If the world’s biggest film studios want government help to stop Australians stealing movies online, they’d better look at their pricing.
Australians can pay up to 50 per cent more to legally download movies than elsewhere in the world, a disparity Communications Minister Malcolm Turnbull warns is not helping the case against internet piracy.
“If their concerns are to be taken seriously, and they are… they’ve got to play their part,” he told ABC radio on Thursday following the release of a discussion paper to curb the problem in Australia.
That means making content affordable and universally available.
The cost of making content available for Australian audiences is the same as abroad and price differences were a “powerful argument” against forking out the cash, Mr Turnbull said.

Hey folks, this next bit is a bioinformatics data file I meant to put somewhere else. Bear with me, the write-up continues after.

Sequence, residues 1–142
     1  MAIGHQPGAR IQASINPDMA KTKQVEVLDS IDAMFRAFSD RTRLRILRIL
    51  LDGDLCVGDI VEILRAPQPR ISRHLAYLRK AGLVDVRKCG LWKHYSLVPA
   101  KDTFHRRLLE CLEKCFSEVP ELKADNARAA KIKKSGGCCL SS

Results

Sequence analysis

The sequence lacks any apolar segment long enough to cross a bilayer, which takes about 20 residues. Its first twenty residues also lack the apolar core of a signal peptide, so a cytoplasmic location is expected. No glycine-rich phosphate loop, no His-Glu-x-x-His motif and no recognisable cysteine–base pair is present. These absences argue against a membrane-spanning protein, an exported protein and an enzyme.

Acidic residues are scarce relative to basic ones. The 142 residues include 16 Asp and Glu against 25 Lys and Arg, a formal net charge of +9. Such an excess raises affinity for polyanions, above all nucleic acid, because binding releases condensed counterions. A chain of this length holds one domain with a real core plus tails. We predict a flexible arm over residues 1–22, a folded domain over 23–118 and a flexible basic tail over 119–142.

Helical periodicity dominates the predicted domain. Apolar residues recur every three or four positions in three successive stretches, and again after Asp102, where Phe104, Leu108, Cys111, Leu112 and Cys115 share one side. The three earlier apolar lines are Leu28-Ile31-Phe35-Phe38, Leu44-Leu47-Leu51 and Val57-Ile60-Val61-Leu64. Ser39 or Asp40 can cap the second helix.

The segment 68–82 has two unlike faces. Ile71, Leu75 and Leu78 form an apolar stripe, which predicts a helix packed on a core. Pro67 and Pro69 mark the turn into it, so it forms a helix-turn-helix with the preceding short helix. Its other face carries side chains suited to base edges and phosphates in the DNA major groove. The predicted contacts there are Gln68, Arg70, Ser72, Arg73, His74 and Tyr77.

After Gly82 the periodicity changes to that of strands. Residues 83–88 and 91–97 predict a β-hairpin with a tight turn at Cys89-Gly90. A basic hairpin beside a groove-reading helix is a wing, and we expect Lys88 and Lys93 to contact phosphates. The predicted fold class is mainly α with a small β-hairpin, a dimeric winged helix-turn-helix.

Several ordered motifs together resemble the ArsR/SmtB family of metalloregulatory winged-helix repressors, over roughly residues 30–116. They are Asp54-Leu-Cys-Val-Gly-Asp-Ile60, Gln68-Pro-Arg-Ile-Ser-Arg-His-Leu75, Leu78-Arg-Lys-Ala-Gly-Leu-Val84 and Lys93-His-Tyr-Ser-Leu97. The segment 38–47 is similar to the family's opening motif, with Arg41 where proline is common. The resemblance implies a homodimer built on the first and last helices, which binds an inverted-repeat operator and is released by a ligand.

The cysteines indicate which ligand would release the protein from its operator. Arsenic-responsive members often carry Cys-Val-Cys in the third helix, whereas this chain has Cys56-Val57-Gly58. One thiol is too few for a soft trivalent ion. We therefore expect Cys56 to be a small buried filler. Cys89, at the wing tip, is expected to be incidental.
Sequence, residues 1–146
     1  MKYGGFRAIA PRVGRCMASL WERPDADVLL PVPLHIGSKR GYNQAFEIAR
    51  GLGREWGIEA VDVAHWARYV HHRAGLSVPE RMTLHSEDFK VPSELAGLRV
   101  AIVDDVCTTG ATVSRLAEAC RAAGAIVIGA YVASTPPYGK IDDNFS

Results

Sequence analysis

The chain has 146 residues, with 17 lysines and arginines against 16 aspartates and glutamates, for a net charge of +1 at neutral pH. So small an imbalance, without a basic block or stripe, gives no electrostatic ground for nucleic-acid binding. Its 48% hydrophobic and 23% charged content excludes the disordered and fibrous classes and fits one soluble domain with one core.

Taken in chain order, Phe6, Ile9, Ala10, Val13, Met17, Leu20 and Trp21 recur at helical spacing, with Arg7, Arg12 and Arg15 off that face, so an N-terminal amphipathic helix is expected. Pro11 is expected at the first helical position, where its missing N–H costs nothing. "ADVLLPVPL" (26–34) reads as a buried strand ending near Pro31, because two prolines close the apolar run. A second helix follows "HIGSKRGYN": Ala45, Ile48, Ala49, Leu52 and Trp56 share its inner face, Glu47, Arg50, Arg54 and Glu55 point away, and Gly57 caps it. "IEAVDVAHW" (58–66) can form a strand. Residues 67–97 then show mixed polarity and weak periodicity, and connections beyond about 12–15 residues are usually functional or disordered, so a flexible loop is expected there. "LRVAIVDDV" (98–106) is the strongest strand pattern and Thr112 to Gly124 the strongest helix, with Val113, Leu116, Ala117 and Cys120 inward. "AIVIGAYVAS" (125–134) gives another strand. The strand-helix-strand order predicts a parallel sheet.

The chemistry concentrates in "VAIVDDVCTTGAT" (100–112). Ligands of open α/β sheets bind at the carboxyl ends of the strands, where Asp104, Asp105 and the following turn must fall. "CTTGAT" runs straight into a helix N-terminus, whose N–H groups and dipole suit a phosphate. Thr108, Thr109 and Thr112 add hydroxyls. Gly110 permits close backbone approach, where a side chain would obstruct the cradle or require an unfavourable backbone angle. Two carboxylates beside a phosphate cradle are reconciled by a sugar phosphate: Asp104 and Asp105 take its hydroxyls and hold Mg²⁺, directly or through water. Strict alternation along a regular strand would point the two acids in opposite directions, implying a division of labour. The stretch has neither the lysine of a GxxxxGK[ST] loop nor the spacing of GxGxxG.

But he said illegal downloading was theft and it should be stopped.
Australia has an unfavourable reputation for internet piracy and one of the highest rates of illegal downloading in the world.
The government’s discussion paper proposes a number of strategies to reduce internet piracy, including blocking overseas sites known to offer illegal access to movies and albums.
Mr Turnbull said he was also looking at the New Zealand system, where the internet service provider sends three warnings to the consumer for illegal behaviour.
Then it’s up to the copyright owners to pursue court cases as they wish.
But copyright owners will be expected to explain their pricing models before the government goes in to bat on their behalf.
“They’re the ones that have got to justify why they are charging more to Australians,” he said.